Plaintiff charges his wife with adultery in a case filed a fortnight after the amendments to our Divorce Law became effective. Defendant denies. The facts disclose that the parties were married in 1964; that four years later plaintiff married another, who thereafter bore him three children; that a year later plaintiff secured a fraudulent North Carolina ex parte divorce from defendant without her knowledge until trial in this case; that in this case plaintiff sought by perjury to defraud our courts into granting him a divorce.
Defendant raises the defense of recrimination and calls on the court to invoke the doctrine of unclean hands. N.J.S.A. 2A:34-7 abolishes both as defenses to a divorce action.
Defendant argues that she had the defense of recrimination for several years prior to the filing of this suit; that this defense had become vested as such, and that she cannot be divested of it by legislation abridging the equity jurisdiction of this court. In Davis v. Wechsler , 263 U.S. 22, 25, 44 S. Ct. 13, 68 L. Ed. 143 (1923), Justice Holmes wrote for a unanimous court that a defense which was good when it vested cannot be invalidated by subsequent legislation. See also Young v. Young , 94 N.J. Eq. 155 (E. & A. 1922); Pennsylvania Greyhound Lines, Inc., v. Rosenthal , 14 N.J. 372 (1954).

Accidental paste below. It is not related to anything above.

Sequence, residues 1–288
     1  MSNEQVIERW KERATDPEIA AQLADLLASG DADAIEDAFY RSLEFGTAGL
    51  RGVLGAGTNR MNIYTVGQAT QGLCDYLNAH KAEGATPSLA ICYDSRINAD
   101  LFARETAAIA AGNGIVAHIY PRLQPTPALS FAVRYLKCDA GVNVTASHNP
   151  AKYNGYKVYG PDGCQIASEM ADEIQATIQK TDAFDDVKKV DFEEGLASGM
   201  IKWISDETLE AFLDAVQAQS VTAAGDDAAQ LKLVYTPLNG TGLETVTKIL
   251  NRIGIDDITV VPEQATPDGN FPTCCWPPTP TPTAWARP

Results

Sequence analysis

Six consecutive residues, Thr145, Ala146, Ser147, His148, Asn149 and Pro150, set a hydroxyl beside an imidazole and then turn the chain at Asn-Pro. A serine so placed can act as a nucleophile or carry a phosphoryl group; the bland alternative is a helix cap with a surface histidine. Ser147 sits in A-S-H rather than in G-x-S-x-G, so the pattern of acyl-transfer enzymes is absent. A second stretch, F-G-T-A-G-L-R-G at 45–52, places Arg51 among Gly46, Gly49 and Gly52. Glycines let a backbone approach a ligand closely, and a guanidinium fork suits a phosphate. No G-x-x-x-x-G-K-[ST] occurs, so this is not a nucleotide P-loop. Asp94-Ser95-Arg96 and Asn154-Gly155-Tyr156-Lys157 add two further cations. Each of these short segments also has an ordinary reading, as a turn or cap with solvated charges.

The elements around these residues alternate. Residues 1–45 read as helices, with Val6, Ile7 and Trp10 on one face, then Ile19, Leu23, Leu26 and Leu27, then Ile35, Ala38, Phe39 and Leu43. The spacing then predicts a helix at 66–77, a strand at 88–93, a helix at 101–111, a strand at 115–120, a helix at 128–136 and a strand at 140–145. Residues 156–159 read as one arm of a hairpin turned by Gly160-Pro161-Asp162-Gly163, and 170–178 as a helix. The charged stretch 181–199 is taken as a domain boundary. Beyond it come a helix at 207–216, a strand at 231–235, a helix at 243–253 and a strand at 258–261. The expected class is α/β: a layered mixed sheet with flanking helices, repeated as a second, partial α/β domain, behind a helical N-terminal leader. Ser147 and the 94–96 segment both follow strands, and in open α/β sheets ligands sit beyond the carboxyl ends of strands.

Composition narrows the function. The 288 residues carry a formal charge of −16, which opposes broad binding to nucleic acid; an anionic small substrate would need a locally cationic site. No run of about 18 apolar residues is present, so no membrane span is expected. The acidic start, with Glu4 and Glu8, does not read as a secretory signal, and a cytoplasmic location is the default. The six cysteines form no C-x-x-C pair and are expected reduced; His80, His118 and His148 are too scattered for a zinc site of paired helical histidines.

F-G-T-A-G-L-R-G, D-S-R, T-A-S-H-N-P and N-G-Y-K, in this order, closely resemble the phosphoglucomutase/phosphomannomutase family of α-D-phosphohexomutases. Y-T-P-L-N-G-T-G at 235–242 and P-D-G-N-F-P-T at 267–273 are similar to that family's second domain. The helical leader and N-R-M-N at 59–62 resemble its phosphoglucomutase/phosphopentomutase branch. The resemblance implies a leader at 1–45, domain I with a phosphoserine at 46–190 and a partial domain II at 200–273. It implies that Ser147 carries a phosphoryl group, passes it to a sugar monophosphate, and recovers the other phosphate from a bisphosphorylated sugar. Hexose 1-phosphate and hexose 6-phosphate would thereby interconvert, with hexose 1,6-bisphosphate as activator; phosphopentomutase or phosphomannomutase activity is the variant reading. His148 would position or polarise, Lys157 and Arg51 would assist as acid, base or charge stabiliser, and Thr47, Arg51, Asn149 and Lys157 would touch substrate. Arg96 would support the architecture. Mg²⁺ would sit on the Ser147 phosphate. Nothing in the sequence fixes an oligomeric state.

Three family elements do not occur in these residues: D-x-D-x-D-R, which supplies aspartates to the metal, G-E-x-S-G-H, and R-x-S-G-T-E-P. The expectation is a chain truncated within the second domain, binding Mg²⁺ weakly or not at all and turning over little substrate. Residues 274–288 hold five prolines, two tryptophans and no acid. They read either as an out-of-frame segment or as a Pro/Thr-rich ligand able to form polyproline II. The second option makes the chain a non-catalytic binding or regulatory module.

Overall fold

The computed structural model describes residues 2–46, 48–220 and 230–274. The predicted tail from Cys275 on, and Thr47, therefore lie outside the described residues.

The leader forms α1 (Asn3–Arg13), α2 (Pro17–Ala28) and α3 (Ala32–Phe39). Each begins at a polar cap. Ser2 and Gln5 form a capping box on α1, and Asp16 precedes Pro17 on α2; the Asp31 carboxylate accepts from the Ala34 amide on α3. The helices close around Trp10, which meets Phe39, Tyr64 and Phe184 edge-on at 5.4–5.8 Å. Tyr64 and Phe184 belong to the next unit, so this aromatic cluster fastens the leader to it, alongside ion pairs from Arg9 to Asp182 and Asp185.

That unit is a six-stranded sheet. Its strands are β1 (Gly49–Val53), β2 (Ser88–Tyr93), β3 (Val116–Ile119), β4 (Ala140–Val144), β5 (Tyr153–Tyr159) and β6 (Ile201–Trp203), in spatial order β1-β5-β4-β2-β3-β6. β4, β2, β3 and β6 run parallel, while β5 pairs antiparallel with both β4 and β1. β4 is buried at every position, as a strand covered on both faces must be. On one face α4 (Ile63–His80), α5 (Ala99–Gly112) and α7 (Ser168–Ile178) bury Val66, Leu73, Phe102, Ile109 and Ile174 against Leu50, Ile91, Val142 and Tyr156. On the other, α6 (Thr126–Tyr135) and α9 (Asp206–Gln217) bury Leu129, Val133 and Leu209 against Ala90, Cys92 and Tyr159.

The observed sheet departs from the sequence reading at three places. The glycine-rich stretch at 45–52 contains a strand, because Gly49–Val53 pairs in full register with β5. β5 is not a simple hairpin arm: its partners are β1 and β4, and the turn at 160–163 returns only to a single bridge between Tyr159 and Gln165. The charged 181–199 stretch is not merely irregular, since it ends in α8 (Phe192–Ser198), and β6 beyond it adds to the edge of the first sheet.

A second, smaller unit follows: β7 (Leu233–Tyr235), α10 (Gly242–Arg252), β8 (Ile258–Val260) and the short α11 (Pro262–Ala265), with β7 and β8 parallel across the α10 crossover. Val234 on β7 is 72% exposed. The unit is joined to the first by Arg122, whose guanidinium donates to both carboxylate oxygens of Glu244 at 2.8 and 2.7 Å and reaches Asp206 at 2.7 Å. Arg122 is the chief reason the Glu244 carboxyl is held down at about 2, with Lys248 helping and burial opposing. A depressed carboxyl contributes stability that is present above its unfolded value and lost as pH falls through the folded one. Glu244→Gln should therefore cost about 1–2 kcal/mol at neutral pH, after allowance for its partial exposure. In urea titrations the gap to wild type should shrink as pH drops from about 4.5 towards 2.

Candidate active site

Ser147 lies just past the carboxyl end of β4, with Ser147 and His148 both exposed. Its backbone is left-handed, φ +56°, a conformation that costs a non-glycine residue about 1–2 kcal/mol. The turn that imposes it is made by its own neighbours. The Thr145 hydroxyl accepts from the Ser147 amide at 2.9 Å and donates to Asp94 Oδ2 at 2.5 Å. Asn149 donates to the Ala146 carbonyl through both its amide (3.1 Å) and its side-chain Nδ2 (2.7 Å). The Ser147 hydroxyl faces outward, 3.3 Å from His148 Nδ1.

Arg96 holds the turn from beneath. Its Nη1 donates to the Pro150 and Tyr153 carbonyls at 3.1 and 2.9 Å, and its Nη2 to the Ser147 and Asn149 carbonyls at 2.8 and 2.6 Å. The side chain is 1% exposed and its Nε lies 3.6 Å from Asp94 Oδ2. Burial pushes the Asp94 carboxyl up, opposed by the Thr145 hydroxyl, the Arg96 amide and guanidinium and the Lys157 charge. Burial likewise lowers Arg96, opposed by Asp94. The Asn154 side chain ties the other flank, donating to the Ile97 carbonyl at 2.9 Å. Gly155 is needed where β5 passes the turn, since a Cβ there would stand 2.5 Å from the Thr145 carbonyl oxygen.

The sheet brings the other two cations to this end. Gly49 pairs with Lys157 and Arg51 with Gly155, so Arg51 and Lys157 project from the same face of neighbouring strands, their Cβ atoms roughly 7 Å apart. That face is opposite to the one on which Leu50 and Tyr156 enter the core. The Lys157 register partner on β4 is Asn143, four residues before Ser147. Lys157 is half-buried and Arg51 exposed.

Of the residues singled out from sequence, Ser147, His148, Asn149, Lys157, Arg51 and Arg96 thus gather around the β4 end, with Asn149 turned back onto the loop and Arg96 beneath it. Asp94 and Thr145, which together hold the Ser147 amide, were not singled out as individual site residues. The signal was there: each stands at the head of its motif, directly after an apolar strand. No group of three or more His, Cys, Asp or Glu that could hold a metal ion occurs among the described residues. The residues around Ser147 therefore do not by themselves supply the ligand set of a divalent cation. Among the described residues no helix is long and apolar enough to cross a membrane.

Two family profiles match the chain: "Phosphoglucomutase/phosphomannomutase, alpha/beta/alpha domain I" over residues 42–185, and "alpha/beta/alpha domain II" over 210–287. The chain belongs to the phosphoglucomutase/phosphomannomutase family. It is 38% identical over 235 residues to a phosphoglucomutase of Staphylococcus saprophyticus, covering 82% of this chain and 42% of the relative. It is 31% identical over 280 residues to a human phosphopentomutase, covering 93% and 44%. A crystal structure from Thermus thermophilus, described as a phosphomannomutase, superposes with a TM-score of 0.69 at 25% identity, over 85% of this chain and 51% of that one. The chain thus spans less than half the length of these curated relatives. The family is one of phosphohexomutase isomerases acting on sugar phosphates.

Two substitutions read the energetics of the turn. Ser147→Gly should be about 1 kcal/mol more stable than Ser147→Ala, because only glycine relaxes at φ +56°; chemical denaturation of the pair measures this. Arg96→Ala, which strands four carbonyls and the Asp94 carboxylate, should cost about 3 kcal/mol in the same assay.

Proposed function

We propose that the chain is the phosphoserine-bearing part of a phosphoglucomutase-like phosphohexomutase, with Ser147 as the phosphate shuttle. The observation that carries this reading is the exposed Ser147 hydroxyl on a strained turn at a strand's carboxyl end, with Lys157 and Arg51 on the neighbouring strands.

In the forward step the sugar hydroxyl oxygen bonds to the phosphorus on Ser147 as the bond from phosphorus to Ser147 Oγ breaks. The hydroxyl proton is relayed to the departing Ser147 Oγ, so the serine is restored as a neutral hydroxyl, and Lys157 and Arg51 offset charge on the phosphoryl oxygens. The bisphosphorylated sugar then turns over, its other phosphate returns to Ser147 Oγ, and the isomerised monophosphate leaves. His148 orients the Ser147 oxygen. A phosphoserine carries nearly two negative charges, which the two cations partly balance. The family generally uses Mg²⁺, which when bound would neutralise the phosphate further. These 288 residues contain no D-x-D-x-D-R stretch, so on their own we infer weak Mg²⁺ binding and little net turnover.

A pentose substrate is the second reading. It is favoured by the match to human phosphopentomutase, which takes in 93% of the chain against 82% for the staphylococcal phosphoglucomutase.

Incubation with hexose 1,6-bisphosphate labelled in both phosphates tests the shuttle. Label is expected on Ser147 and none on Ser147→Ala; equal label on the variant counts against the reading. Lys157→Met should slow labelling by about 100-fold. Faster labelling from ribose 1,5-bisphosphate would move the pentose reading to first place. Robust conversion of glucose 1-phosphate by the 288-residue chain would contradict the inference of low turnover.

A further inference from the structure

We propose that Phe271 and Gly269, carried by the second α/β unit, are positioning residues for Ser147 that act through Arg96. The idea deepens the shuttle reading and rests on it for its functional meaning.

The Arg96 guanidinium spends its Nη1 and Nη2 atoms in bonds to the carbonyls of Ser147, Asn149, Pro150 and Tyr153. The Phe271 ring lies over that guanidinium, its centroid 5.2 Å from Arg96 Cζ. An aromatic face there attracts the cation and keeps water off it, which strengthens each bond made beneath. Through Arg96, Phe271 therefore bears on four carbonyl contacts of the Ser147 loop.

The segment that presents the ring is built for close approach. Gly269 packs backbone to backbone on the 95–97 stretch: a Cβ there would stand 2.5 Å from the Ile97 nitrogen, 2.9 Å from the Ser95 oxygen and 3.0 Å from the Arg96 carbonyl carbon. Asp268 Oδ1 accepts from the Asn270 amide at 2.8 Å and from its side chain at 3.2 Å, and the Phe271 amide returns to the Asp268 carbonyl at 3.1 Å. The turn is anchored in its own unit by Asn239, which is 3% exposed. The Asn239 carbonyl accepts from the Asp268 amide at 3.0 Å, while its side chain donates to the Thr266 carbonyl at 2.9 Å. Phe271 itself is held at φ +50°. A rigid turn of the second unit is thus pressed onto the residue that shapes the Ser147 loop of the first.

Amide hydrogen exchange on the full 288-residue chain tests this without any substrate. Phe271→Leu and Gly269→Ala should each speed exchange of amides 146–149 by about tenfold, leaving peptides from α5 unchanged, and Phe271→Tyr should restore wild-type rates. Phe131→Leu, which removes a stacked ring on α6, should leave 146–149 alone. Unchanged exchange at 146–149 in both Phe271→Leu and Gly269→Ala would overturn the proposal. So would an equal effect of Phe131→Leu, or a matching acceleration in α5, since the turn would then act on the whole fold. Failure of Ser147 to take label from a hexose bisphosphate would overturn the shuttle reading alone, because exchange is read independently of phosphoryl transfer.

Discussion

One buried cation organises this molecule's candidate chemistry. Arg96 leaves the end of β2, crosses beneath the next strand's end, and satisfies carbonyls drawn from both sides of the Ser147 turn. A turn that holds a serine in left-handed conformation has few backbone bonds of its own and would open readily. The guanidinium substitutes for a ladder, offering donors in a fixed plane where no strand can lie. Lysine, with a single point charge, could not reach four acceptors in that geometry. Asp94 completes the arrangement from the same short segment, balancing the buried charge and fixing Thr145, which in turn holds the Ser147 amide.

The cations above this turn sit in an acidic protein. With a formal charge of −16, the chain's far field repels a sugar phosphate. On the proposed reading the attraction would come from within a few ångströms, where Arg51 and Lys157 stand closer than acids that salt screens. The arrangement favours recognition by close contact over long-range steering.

Our amendatory legislation, supra , cannot deprive defendant of her vested right to the defense of recrimination.
While the pertinent amendment prevents the parties from raising the defenses of recrimination, condonation and unclean hands, the legislation cannot impair the inherent and inherited jurisdiction of the Chancery Court.
Unclean hands as a defense here is applied by the court to plaintiff on the facts before it so as to prevent a party guilty of bigamy, adultery, perjury and frauds on the courts of the States of North Carolina and New Jersey from using a court of conscience to secure absolution for his misdeeds.
A court of equity acts only when and as conscience commands, and if plaintiff's conduct is offensive to the dictates of natural justice, then whatever the rights possessed, plaintiff will be held remediless in a court of equity. Deweese v. Reinhard , 165 U.S. 386, 390, 17 S. Ct. 340, 41 L. Ed. 757 (1897). See also Precision Instrument Mfg. Co. v. Automotive Maintenance Machinery Co. , 324 U.S. 806, 814-815, 65 S. Ct. 993, 89 L. Ed. 1381 (1945); Woodward v. Woodward , 41 N.J. Eq. 224 (Ch. 1914).
And generally, see N.J. Constitution (1947), Art. VI, § III, par. 2, and Art. XI, § I, par. 3 and § IV, par. 3, N.J. Constitution (1844), Art. 10, § 1; Penn. R.R. Co. v. National Docks Ry. Co. , 54 N.J. Eq. 647, 652 (E. & A. 1896); Flanigan v. Guggenheim Smelting Co. , 63 N.J.L. 647, 651 (E. & A. 1899); In re Hague , 104 N.J. Eq. 31, 36 (Ch. 1929), aff'd 104 N.J. Eq. 369 (E. & A. 1929); In re Appointment of Vice Chancellors , 105 N.J. Eq. 759 (Ch. 1930); Phelps Dodge, etc., Corp. v. United, etc., of America , 138 N.J. Eq. 3, 8, 9 (Ch. 1946); Westinghouse Electric Corp. v. United Electrical, etc. , 139 N.J. Eq. 97, 107 (E. & A. 1946); In re Caruba , 140 N.J. Eq. 563, 564 (E. & A. 1947), aff'g 139 N.J. Eq. 404, 426 (Ch. 1947); N.J.S.A. 2A:34-1(f).
Motion to dismiss the complaint ...